The resting potential

The resting potential

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What is the resting potential?

The resting potential describes the state of the negative potential of an unexperienced nerve cell. This negative potential can be summed up Charge imbalance of the ions between extracellular space and cytoplasm.
Without a maintenance of the resting potential, the transmission of nerve implants within the action potential would not be possible.
Measuring the tension of the cell interior of a nerve cell axon gives a negative potential of approximately -70 mV (millivolts). Reasonably, this is due to an unequal distribution of ion concentration outside and within the axon.
In the cell interior of the axon are mainly K+ (Potassium) and A- (organic anions) ions. Outside the membrane, one encounters Na in particular+ (Sodium) and Cl- (Chloride) ions. The inside of the cell and the cell exterior are replaced by a semipermeable membrane separated from each other.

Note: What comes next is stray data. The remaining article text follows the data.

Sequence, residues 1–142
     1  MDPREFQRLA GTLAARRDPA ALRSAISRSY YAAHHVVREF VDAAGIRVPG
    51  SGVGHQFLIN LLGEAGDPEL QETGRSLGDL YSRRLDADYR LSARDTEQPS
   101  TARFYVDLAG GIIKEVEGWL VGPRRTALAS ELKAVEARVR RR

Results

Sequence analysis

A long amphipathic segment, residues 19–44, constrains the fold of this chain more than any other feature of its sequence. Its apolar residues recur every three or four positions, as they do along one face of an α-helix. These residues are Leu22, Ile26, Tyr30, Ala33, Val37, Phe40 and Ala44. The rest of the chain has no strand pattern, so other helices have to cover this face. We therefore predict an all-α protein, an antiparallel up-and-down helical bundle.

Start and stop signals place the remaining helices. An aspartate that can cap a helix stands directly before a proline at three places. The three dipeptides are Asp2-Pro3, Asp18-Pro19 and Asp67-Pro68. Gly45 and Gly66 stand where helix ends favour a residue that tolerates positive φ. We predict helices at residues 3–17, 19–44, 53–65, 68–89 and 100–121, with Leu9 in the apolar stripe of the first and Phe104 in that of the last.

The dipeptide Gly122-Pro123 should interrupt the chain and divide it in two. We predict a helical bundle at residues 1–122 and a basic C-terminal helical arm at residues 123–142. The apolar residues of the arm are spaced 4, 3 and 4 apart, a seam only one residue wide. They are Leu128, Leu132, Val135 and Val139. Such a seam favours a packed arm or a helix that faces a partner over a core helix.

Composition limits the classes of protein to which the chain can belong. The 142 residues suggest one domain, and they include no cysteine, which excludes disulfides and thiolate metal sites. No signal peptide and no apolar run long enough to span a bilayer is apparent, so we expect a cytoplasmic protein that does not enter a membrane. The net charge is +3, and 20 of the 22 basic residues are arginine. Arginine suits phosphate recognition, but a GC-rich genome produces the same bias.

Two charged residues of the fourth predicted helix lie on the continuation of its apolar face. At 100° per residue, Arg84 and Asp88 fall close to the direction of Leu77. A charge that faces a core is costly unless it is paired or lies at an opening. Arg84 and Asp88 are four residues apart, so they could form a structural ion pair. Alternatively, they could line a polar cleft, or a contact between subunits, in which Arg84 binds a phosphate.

Viewed individually, the total charges in the cell interior and cell walls are balanced. Means: Inside the cell the charges of K are equal+ and A- out; The charges of Na are similar in the cellular state+ and Cl- out.
Causal for the resting membrane potential is now the charge difference between these two charges (intracellular vs. extracellular). This in turn, as already mentioned, is due to the unequal distribution of the positively and negatively charged ions between the cell interior and the cell nucleus.
The neuron must first build up a negative charge in the interior and then hold it permanently. Exist in the membrane Potassium, chloride and sodium channels, The latter two are closed at rest potential. Due to Brownian motion, K moves+ Ions out through the open potassium channels (and only outward, reverse entry is prevented by the ion channels), which makes the charge potential in the axon more negative (hence it becomes more positive in the outer region).
From the outside, but still Na+Ions through so-called leakage currents into the cell and would sooner or later provide for a compensation of the charges of extracellular space and cytoplasm, whereby the rest potential would be destroyed. The reason for this is the diffusion of particles. Molecules and charge carriers always strive for a balance of concentration.
In the membrane located sodium-potassium pumps provide for a return transport of eingemömten Na+Ions. Under ATP consumption will be three Na+Ions transported to the outside and in return two K+Ions inside. In this way, the negative membrane potential of about -70mV is maintained. Why that is necessary, you will learn at the action potential